About 47 kilometers east of the city Abancay, in southern-central Peru, lies the archeological site of Sayhuite or Saywite, described by historians as a center of religious worship for Inca people, who held rituals and ceremonies for the worship of water. The site’s main attraction is a big granite block whose upper surface is ornamented with complex and mysterious figures resembling a three-dimensional relief map of an ancient city.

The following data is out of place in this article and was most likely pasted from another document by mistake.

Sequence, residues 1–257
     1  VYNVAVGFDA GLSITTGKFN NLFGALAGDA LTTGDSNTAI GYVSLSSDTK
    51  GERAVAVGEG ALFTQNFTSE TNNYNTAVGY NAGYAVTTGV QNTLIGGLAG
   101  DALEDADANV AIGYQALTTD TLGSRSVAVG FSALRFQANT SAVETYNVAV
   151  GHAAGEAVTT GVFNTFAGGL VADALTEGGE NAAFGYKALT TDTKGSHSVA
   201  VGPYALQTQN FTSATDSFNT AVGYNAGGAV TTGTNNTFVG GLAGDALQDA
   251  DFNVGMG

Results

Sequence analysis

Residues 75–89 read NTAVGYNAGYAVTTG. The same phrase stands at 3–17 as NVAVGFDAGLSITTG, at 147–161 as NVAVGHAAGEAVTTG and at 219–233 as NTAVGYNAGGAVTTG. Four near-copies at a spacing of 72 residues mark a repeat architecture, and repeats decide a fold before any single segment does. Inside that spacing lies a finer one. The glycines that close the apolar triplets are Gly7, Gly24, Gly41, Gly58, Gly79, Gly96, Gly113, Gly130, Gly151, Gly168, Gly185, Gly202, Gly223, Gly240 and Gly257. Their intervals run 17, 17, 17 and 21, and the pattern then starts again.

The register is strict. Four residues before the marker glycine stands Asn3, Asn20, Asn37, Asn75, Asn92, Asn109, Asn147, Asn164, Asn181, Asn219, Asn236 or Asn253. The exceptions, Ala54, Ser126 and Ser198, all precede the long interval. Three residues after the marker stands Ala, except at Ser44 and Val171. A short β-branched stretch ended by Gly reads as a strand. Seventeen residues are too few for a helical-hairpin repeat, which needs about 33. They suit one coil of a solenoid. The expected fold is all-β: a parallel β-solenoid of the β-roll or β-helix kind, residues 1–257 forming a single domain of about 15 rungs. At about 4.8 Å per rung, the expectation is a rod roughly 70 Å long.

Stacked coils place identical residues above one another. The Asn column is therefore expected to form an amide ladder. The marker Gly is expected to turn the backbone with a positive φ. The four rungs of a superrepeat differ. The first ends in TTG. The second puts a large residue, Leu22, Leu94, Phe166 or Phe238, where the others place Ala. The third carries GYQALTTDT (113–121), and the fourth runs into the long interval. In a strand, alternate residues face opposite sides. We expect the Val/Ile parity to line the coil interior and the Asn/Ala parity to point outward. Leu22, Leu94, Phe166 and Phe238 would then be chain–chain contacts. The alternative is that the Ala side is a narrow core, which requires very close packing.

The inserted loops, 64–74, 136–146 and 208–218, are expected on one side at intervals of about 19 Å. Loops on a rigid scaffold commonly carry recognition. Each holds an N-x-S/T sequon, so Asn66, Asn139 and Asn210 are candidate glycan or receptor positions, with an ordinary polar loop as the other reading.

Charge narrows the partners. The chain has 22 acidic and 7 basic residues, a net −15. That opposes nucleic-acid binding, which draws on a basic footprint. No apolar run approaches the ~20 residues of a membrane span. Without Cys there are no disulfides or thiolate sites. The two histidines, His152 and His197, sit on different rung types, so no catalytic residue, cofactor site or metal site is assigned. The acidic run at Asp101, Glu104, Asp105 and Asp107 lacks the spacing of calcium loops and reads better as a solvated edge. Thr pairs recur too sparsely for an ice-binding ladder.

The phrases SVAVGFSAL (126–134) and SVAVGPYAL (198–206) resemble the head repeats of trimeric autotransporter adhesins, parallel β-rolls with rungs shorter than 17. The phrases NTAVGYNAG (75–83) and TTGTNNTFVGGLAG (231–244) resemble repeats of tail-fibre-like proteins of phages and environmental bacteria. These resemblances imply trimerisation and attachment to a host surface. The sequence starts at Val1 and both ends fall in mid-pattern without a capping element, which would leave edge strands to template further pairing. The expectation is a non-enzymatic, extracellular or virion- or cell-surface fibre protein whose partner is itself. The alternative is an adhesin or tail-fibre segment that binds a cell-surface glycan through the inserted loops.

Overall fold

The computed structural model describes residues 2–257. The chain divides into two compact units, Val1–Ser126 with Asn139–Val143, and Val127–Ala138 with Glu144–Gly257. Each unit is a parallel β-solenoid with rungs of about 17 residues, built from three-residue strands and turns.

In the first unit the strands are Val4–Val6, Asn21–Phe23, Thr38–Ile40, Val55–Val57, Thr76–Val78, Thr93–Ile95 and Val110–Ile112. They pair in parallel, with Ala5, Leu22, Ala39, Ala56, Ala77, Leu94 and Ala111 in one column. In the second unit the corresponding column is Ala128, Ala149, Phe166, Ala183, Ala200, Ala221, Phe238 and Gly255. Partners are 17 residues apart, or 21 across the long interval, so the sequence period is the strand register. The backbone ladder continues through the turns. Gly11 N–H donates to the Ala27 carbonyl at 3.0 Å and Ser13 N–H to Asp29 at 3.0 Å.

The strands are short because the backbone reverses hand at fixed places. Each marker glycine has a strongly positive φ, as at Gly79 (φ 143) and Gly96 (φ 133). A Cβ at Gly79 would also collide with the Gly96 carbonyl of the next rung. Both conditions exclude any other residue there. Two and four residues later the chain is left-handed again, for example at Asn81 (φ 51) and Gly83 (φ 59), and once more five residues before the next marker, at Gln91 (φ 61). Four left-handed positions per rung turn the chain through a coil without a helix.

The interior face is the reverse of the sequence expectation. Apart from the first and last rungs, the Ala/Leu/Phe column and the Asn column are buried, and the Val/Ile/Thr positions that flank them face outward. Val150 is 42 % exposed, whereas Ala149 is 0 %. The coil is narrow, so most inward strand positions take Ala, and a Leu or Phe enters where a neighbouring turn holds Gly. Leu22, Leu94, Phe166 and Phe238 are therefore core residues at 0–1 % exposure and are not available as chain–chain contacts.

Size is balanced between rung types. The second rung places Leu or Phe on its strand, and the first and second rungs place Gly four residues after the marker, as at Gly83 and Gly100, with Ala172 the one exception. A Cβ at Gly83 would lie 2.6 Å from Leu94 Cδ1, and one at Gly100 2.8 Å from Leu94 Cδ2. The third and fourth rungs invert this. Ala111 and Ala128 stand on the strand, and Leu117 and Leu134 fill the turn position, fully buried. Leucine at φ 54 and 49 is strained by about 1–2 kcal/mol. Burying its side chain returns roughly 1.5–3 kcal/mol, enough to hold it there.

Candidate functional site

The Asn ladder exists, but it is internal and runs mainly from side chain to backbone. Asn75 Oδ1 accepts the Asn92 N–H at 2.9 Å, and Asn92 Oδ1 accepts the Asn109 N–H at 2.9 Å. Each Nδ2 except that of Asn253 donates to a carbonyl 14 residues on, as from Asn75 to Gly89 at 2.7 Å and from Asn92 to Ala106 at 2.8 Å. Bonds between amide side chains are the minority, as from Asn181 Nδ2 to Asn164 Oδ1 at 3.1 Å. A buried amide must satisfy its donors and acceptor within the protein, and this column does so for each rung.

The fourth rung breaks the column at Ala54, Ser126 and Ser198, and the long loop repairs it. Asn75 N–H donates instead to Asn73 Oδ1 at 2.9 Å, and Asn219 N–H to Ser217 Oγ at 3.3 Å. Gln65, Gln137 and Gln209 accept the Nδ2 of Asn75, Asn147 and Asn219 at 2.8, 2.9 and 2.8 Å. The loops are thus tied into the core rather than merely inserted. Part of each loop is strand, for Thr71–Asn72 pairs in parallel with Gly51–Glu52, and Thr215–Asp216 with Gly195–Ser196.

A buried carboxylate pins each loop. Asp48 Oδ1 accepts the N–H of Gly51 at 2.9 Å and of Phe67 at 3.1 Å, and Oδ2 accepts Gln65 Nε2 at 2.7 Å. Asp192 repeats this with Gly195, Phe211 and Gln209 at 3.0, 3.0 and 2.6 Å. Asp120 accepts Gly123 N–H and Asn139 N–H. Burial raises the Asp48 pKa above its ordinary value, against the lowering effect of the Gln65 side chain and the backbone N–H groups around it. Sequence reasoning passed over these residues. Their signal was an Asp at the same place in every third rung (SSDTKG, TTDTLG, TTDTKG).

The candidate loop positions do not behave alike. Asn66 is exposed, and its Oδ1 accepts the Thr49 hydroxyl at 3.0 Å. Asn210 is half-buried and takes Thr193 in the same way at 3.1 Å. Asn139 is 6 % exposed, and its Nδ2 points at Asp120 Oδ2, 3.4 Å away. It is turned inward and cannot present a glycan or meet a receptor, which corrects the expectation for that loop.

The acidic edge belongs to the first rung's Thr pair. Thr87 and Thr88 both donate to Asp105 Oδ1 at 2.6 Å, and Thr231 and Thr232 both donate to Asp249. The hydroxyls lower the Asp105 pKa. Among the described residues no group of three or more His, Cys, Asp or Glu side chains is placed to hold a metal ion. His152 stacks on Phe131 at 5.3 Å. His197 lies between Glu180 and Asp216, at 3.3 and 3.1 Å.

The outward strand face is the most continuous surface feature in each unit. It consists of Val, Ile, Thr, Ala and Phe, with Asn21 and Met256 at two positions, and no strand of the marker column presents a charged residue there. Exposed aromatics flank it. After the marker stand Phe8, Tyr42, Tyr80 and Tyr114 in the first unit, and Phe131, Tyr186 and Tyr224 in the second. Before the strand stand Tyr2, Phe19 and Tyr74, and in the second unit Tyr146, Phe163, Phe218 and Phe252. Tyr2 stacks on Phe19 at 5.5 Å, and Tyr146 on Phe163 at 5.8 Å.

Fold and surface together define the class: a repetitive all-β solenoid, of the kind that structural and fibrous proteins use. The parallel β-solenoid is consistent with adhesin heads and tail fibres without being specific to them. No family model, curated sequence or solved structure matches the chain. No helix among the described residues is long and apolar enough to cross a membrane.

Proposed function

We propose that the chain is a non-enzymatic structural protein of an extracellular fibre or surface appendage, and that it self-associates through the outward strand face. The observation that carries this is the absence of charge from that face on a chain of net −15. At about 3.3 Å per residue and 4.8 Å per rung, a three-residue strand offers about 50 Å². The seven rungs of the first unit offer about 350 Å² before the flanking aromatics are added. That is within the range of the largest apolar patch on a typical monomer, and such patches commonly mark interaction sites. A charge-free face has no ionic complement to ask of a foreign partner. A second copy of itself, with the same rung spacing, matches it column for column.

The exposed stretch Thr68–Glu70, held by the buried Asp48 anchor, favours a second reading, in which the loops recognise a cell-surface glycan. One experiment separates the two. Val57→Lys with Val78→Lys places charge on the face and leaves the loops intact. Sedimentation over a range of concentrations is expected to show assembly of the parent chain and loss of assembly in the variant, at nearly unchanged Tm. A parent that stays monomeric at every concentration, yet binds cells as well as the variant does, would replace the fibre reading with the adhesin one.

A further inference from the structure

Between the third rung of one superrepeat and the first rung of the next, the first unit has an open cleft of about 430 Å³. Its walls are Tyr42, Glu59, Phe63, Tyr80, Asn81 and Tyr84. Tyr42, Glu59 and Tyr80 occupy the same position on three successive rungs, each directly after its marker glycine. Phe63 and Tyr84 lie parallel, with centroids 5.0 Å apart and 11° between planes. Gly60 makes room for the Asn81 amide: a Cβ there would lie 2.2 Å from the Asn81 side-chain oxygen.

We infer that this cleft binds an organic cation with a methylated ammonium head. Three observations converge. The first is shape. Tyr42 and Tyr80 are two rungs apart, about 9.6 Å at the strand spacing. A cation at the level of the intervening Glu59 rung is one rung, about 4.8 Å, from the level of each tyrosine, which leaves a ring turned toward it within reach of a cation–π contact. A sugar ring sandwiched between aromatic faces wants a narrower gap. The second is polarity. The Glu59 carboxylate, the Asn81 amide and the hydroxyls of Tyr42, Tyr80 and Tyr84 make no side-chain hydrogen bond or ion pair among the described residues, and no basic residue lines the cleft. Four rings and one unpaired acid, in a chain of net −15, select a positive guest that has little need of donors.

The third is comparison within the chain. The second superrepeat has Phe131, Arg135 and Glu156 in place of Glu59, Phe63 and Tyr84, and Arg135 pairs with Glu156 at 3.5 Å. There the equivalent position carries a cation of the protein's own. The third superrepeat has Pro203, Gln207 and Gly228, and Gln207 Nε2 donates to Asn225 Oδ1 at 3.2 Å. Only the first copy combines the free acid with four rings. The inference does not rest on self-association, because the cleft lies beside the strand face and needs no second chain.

The Sayhuite Stone is about two meters long and four meters wide. The rock is carved with more than two hundred figures of geometric and zoomorphic shapes, mostly felines, reptiles, frogs, and serpents, that are sculpted into the likeness of a topographical hydraulic model, complete with terraces, ponds, rivers, tunnels, and irrigation channels. The relief map is on the upper surface of what appears to be the bottom half of a huge boulder. The rock is located on top of the hill called Concacha, where it is believed to have been transported since it is not a natural outcrop.
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